Reaction to release of latest UK GDP data

Key points

  • The UK economy avoids a triple-dip recession after it grew by 0.3% in the first three months of the year, according to figures released on 25 April.
  • The figure means the economy avoided two consecutive quarters of contraction - the definition of a recession
  • A triple-dip recession has not happened in the UK since records began in the 1950s
  • The UK economy is still smaller than it was before the onset of the financial crisis five years ago
  • Chancellor George Osborne said the figures were an "encouraging sign" but Labour's Ed Balls described them as lacklustre

Live text


  • Will Smale 
  • Alex Kleiderman 

Last updated 21 June 2013


Welcome to our live coverage of the release of the latest GDP figures for the UK economy. At 09:30 BST the Office for National Statistics will reveal how the economy performed in the first three months of 2013. If the economy contracted, then it will mean that the UK has entered its third recession in five years.


Ahead of the announcement, BBC News economist analyst Lewis Goodall has been examining the background. "The initial 2008-09 recession was so large, so overwhelming, that the economy still lives in its shadow," he writes.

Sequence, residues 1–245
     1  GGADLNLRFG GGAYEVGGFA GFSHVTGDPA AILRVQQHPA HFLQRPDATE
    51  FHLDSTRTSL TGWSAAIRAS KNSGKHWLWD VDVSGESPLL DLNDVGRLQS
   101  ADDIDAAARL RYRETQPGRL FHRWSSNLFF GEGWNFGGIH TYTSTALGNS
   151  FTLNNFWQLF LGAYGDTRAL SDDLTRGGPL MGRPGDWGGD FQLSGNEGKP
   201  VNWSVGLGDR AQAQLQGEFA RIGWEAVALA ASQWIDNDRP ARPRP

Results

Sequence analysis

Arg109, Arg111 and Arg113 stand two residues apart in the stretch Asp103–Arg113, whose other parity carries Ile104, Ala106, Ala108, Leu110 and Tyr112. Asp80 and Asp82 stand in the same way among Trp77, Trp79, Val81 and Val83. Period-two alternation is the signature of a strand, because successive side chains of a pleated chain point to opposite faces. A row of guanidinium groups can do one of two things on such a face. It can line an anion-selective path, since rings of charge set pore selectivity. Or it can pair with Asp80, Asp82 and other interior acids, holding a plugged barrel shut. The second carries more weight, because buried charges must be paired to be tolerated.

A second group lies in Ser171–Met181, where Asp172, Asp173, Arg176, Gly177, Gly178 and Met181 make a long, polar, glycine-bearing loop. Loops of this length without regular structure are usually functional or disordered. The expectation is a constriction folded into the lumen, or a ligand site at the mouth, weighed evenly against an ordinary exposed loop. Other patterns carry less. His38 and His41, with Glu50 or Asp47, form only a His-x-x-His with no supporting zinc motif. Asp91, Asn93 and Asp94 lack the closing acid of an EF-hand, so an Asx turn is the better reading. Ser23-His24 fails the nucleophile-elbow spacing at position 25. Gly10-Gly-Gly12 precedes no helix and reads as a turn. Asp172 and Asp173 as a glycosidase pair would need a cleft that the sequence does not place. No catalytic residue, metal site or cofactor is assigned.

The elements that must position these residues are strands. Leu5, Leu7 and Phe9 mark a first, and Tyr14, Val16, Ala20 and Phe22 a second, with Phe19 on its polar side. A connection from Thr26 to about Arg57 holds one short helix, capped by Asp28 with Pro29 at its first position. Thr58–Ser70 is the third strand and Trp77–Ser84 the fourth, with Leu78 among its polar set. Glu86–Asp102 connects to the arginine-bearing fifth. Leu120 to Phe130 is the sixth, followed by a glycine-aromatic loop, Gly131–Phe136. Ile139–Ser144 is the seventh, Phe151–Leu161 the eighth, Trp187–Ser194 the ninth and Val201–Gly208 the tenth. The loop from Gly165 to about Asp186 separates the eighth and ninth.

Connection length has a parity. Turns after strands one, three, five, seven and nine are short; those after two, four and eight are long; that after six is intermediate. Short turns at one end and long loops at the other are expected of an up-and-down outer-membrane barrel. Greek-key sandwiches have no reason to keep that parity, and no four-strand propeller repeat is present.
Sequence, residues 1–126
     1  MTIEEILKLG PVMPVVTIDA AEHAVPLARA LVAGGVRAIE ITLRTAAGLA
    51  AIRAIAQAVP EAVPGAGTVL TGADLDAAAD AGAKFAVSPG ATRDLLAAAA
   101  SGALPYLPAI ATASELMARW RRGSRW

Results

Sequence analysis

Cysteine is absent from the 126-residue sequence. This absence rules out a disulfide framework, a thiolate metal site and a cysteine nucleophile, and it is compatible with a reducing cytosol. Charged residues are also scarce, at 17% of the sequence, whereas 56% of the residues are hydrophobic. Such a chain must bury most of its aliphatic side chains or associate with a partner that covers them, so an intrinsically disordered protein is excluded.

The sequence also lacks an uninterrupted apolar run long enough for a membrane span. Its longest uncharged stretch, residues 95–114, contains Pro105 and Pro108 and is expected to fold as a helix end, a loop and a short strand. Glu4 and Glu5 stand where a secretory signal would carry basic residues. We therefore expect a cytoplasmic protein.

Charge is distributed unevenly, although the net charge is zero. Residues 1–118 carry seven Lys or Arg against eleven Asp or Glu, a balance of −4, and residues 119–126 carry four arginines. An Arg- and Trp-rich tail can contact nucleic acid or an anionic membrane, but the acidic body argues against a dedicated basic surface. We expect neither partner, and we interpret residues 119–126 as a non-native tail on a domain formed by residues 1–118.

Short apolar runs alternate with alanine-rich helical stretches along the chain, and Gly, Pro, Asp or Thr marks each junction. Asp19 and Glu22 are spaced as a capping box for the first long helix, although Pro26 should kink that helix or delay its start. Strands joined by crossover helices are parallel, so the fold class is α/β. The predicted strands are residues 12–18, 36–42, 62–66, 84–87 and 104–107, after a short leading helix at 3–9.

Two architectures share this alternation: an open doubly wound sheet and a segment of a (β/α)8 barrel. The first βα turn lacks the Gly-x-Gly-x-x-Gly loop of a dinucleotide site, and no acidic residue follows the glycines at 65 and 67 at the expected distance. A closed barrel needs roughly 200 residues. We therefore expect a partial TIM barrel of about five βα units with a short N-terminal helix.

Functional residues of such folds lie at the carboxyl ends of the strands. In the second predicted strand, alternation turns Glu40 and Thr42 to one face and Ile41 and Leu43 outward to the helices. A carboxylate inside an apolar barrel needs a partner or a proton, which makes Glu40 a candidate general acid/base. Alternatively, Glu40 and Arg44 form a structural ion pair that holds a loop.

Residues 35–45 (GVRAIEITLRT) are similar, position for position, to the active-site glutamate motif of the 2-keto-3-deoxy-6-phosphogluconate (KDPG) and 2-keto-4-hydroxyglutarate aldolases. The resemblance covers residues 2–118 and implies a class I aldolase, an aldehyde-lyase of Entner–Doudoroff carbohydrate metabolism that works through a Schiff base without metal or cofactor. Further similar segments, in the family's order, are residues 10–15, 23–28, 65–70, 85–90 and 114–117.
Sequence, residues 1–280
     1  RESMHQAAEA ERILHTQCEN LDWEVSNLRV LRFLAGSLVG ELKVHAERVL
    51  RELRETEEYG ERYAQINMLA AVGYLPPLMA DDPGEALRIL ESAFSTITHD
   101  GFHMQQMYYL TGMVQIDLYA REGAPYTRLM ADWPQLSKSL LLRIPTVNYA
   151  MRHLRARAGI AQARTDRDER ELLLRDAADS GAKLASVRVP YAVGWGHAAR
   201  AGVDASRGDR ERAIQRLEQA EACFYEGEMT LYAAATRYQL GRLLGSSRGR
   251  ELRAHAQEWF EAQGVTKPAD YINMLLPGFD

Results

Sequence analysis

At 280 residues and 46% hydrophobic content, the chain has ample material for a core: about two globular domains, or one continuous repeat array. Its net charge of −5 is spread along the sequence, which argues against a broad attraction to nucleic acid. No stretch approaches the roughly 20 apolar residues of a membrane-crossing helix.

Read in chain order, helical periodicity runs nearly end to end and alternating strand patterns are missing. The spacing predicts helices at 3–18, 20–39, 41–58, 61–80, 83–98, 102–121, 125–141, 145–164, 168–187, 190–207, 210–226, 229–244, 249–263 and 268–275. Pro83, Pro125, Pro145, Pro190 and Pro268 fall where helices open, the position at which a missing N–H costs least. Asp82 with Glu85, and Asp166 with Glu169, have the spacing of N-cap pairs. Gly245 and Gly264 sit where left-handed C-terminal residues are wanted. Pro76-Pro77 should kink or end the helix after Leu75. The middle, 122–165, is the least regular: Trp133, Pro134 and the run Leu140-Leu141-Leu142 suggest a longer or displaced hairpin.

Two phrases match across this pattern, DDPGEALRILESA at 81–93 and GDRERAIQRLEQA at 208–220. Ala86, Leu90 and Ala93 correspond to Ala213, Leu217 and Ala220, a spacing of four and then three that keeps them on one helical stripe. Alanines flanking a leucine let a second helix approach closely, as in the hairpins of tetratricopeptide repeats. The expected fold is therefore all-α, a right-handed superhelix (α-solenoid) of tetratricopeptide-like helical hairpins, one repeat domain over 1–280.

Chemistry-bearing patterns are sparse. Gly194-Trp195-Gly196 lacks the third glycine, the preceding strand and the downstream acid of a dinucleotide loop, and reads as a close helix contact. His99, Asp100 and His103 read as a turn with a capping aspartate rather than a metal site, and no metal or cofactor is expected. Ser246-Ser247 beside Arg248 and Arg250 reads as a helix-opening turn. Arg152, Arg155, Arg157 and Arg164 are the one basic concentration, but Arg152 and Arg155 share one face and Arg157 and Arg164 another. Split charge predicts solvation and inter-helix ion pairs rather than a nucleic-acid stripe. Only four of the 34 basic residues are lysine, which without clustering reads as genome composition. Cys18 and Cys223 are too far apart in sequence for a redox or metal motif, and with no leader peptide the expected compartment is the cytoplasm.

What is GDP? GDP or gross domestic product is the key guide to an economy's performance. If you would like a more detailed answer, check out our Q&A.


Economist Rob Wood tells the Reuters news agency: "The chance that you see a small contraction... is pretty big. But I don't think this would change the underlying picture of an economy that has gone nowhere for 18 months and is struggling with some big headwinds."


Although, a second quarter of contraction would put the UK back in recession, on average, economists are forecasting growth of 0.1%. A poll of analysts by Reuters resulted in forecasts ranging between a contraction of 0.2% and growth of 0.3%. See more background in our news story.


Even if the UK does slide into a triple dip recession, things could be much worse. The latest unemployment rate in Spain has hit a record 27.2%, compared with 7.9% in the UK.


The markets appear relaxed about the release of the latest GDP data. The main UK share index, the FTSE 100, is currently up 0.2%.


Conservative MP Mark Field tells the BBC that whatever the GDP figures show, George Osborne should not deviate from his plan to cut the deficit, the so called "Plan A".